Warwick can more than hold its own over jumps, where the five fences down the back straight provide a fine spectacle and a good test on the winter ground, though the weather today leaves more than a trace of summer in the air, and a reminder that there are few more pleasant places than a racetrack to spend a quiet afternoon in the sunshine. Or not so quiet, as the case may be. A regular has one lined up for the first at Lingfield, and probably at Beverley, too, allied to intentions to wade into the odds- on shot of Skelton’s in the first here, which surely can’t be beaten, unless the second favourite is a lot better than it looks on paper.
Offer to stroll to the pre-paddock to take a look at this potential danger, though whether the eye will be in after all these years is a moot point.
Make a few notes, as if I know what I’m talking about, and looking at, before returning to inform the assembled company I think the favourite will win, which it does, solidly enough, to the relief of those who played and missed in that first race at Lingfield, and needed to strike one clean to the boundary to settle the nerves.
Still going on, all of it, after all these years, though I’m more of an umpire myself these days, anxiously checking the counters in the pocket on the stroll to square leg, wondering if that appeal to back a 7-1 shot in the 2m3f mares’ handicap hurdle (4.05) was unduly speculative and ought not to have been answered in the affirmative.
It leads two out, hits the last hard and can’t quite get up again on the run-in.
The winner, Rebel Yeats, was the first under rules for jockey Edward Austin, who can derive considerable satisfaction from the manner in which he organised his mount to beat the already-lauded conditional James Bowen in the tight finish.
Somebody always coming through, laying down markers in the external world, where it tots up for real, and accrues consequence.
Or karma, as the Indians would observe, probably with a bemused if not critical eye on that interest in the 7-1 shot. On the absence of the each-way. You keep going. What alternative is there?
A deserted bookies, late afternoon.
Apparently there were a few in for the Arc earlier and to bet on the football, then it dried up.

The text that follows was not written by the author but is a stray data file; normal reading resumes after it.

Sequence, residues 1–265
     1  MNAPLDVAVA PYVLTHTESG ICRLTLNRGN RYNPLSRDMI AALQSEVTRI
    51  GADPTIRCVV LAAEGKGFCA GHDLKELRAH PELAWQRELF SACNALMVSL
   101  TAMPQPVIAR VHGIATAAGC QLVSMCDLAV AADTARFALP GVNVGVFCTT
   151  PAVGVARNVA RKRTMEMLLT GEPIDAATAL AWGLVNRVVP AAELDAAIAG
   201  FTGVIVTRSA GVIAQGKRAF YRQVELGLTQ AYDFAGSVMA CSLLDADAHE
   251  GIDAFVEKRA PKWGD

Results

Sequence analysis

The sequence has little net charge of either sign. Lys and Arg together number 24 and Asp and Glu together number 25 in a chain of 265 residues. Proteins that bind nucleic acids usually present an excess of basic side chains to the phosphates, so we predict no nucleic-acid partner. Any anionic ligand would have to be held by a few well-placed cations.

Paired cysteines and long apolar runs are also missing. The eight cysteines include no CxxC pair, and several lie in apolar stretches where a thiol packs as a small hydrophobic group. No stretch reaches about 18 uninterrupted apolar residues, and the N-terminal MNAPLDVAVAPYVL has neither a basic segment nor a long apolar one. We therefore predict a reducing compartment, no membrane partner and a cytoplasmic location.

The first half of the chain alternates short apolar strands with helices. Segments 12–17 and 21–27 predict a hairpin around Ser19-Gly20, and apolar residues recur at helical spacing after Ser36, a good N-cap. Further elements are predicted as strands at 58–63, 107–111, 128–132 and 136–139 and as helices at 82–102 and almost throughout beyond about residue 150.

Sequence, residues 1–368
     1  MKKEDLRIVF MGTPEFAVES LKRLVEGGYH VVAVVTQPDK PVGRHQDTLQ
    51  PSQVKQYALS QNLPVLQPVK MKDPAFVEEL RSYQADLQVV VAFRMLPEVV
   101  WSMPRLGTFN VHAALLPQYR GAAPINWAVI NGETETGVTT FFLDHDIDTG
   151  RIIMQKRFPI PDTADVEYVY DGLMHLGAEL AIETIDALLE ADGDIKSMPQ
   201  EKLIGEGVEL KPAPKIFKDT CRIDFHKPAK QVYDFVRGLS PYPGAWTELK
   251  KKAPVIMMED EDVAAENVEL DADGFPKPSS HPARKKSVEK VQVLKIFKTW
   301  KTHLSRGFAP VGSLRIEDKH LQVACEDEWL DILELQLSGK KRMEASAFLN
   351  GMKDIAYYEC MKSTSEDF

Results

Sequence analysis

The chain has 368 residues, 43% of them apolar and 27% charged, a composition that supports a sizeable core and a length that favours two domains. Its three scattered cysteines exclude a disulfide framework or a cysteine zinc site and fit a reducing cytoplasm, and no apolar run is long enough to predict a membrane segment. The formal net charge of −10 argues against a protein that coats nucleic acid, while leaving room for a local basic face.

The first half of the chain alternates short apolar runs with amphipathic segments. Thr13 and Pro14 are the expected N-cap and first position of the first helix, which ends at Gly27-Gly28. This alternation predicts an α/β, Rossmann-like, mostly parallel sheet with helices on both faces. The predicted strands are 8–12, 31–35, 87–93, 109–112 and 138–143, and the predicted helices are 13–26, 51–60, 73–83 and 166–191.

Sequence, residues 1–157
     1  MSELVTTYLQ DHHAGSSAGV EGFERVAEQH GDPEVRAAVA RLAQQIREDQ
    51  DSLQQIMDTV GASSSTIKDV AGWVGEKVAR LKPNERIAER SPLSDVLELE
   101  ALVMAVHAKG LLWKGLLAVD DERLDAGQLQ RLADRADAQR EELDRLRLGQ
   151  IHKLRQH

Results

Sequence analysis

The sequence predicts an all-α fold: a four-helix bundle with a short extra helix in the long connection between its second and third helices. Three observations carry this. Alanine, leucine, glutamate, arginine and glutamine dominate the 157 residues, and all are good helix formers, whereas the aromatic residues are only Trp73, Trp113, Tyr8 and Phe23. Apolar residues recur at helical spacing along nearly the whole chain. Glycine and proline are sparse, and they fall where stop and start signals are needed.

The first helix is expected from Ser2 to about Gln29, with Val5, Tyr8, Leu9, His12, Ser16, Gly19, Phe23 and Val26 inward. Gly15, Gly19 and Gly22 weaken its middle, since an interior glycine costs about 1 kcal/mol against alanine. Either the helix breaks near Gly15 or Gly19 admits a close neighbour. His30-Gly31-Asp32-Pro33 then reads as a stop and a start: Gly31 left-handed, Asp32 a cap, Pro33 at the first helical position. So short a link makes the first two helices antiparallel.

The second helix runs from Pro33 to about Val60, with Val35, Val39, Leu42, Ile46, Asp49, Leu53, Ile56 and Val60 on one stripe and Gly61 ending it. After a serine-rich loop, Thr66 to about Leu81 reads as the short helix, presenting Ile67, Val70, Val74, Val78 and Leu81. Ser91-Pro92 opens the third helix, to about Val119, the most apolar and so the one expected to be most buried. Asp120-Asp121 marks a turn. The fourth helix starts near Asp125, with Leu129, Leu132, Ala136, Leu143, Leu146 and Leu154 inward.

Even one of the machines has given up the ghost in a corner.
A life spent in or close to the betting game can stand as evidence that, of the many outcomes it can yield, a settled sense of happiness isn’t one of them.
Of course there is the “buzz”, a different mode of arousal and agitation altogether, of which I have never been greatly fond, and always wary, though, as Jeffrey Bernard once observed, after you have gambled more than you can sensibly afford to lose on an event of uncertain outcome it is very difficult to get excited about anything else.
And still sometimes that sense of shame on meeting an acquaintance shortly after leaving a betting shop.
You may not believe you are being taken for a mug, or wiling away your precious existence in an idle and irresponsible manner, but others might since, after all, as Bernard also observed, the first question to surface in the mind of the committed punter, is “might I be able to win enough here to avoid actual work?”
Worth paying note to the 2m novices hurdle at Uttoxeter today (2.25).
The race was won in tidy style by the expensive purchase Palmers Hill, who looks the type to hold his own in better company in due course, but the eye was also drawn to the efficient jumping of the second home Enola Gay, who will surely be winning soon.
From a fine stable typically yet to find its stride, Enola Gay is a lightly-raced French import who couldn’t do himself justice on his British debut at Newbury last December.
He shaped as if he might get a little further here, though there wouldn't be any pressing need to switch from two miles at his stage.
One to follow.